PARIS (Reuters) – Former French President Nicolas Sarkozy on Saturday played down his conviction for illegal campaign financing over his failed 2012 re-election bid, suggesting many people in France had doubts about this week’s guilty verdict.
Sarkozy, 66, made his first public comments on the conviction – his second this year – during an appearance at a Paris bookshop to sign copies of his new book “Promenades”, which is focused on his literary and cultural influences.
Hundreds of people gathered at the Lamartine bookshop to greet the former leader despite the verdict, something Sarkozy said was “very moving and very reassuring, regarding the state of the country’s morale. People aren’t fooled.”
Sarkozy, who remains influential in conservative circles, was sentenced to a one-year prison term on Sept. 30, but is unlikely to go to jail.
He denies wrongdoing and has vowed to appeal the sentence, a move that in effect suspends it, and the judge said he could serve the sentence at home with an electronic tag.
Sarkozy’s supporters have criticised the verdict as politically motivated, but his second conviction this year marks a sharp fall from grace for the man who led France from 2007 to 2012.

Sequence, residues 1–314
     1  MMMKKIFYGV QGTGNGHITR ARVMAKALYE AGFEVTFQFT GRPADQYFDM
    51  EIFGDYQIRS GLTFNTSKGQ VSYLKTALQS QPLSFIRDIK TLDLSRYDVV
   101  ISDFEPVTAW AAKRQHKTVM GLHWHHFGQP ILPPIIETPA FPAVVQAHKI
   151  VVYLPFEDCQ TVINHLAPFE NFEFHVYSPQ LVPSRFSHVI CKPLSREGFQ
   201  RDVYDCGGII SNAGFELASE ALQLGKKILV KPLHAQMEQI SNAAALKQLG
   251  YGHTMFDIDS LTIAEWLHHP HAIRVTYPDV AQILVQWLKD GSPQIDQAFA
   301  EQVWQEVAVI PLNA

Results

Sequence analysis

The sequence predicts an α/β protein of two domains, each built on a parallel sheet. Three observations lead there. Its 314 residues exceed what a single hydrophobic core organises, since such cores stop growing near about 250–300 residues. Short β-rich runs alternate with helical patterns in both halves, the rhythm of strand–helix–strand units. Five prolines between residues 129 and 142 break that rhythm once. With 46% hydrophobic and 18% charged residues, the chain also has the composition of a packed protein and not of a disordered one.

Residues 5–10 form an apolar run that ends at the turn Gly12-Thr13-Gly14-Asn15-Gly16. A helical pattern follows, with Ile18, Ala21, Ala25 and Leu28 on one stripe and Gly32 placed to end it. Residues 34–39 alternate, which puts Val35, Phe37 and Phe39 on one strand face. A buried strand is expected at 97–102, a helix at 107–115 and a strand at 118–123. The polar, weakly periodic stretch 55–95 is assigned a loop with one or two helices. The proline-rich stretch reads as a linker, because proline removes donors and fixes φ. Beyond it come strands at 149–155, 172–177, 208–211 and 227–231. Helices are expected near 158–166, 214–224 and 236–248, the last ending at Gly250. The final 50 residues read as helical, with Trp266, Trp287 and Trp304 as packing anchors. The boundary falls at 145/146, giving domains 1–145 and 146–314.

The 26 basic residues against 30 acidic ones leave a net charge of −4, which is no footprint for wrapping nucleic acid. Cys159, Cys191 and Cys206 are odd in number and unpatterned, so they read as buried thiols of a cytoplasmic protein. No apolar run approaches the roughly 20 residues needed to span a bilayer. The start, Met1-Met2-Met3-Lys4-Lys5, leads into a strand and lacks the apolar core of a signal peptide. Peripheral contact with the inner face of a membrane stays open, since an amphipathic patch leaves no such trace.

Sarkozy was found guilty in a separate trial in March of trying to bribe a judge and peddle influence in order to obtain confidential information on a judicial inquiry. He also denied wrongdoing in that case.
The two convictions could force Sarkozy to play a more discreet role in next year’s presidential election. He had not planned to stand but, as a popular figure on the political right, he would be expected to support his party’s candidate.
Potential presidential candidates who also belong to Sarkozy’s Les Republicains party – Xavier Bertrand, Valerie Pecresse and Michel Barnier – tweeted message of support for Sarkozy, saying they backed his decision to appeal.
(Reporting by Yiming Woo, Stephane Mahe, Sudip Kar-Gupta and Marc Angrand; Editing by Helen Popper)